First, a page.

Crushing Can

We are usually unaware of the immense strength of the pressure due to the atmosphere around us, having taken it for granted. This demonstration will utilize atmospheric pressure to crush an aluminum can while introducing concepts such as the relationship between pressure and the amount of gas in a fixed volume.

Materials

  1. Empty aluminum drink can
  2. Pair of tongs
  3. Stove or bunsen burner
  4. Tank of water

Procedure

Heating the Can over a Flame
  1. Put about a teaspoon of water into the drink can and heat it upright over the stove or Bunsen burner.
  2. Prepare a tank of water and place it nearby.
  3. When steam is seen to escape from the drink can, use the pair of tongs to grab the drink can, inverting it and placing it just slightly submerged into the tank so that the mouth of the can is sealed by the water.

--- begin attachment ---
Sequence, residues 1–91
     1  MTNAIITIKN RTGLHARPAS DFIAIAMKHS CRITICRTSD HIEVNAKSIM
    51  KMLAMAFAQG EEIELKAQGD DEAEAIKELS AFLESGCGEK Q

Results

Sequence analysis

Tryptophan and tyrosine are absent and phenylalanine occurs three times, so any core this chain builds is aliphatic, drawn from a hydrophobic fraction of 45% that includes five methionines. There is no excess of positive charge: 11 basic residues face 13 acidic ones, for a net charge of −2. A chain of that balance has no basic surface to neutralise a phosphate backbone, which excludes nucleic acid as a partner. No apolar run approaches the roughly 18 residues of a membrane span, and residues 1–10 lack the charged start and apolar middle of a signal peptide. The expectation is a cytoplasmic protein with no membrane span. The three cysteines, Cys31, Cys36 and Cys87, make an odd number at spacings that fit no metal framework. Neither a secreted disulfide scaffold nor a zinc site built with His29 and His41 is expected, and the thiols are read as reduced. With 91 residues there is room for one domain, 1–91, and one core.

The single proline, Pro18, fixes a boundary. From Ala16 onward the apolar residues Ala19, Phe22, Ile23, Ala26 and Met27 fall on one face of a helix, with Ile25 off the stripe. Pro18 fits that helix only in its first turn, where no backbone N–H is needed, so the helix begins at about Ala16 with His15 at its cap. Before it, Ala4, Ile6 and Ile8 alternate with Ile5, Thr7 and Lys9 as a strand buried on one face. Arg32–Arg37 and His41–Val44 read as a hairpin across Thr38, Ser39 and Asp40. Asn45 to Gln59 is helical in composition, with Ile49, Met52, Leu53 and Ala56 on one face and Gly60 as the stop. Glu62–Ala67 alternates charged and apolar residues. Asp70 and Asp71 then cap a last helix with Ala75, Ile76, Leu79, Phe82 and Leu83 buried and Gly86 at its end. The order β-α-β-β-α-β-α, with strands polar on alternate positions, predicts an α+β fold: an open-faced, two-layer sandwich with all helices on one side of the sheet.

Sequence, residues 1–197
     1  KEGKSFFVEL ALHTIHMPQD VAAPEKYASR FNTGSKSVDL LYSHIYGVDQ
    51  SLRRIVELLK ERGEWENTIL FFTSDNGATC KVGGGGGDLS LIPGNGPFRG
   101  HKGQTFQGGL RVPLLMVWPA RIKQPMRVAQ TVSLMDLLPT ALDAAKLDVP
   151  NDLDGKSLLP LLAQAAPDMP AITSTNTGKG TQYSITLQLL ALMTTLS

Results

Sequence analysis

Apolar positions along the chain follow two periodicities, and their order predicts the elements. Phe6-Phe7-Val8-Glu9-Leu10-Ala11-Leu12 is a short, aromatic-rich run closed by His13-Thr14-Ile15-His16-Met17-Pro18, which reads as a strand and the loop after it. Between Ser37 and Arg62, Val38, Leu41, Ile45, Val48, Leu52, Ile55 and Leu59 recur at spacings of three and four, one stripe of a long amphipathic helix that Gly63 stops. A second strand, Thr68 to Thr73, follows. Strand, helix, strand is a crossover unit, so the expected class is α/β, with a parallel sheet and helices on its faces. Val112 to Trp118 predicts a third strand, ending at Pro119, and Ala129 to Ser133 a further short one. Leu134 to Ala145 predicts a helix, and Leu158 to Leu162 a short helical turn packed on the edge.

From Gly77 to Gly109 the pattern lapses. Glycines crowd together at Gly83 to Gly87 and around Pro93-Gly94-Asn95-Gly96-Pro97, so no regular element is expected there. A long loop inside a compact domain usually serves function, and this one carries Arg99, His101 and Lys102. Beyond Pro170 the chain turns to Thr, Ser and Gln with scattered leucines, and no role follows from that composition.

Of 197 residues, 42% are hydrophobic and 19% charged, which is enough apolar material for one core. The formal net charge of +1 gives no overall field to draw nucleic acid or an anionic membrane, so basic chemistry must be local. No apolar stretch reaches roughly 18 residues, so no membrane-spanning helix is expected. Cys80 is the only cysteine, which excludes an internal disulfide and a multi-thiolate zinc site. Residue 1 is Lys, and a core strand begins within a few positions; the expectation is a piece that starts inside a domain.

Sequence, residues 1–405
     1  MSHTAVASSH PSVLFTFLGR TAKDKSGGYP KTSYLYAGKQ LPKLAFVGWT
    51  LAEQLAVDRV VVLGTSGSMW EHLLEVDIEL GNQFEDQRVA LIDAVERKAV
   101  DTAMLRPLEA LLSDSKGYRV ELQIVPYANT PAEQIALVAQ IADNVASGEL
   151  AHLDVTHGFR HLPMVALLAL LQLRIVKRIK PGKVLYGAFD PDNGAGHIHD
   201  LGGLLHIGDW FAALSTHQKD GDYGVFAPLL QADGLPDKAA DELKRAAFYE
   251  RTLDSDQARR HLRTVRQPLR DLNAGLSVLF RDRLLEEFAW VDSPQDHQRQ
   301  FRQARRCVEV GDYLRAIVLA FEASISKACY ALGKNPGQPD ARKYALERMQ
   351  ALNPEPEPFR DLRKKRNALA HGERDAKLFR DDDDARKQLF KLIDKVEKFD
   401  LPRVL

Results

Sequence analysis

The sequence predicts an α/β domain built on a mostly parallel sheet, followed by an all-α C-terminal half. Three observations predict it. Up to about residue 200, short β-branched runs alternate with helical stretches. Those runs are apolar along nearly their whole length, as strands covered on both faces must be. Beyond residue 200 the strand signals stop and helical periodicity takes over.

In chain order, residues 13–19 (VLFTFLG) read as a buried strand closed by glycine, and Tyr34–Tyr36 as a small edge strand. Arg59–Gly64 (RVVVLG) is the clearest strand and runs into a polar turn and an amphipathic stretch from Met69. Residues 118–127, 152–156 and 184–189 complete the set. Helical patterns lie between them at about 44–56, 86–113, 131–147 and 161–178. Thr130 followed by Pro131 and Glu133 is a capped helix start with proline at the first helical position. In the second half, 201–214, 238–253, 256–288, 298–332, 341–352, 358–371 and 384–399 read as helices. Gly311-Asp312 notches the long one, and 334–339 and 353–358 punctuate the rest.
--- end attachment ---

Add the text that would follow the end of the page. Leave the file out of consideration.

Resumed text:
4. You should observe the can being crushed instantaneously.
Crushing the Can

Physics Principles Explained

Two physics principles work in tandem to crush the can. The cooling of the air within the can will reduce the internal pressure of the can as the movement of the air particles will slow down with reduced temperature.

At the same time, the sudden cooling will cause the water vapour in the can that exists at just slightly above 100°C to revert to its liquid state, greatly reducing the amount of gases inside the can.

Water Vapour Condenses Rapidly

As air pressure depends on both the kinetic energies and amount of particles within the system, it is significantly reduced. Atmospheric pressure, being stronger than the internal pressure, will cause the can to implode.

Hanging Forks

This simple demonstration can be done anywhere at home using the following items:

  1. an empty glass
  2. a toothpick
  3. two forks
The video below demonstrates how to do it. When the forks are balanced on the mouth of the glass with the toothpick, the centre of gravity of the forks-and-toothpick system will adjust itself so that it lies vertically below the pivoting point. This is possible because the forks form a V-shape within which the centre of gravity can exist.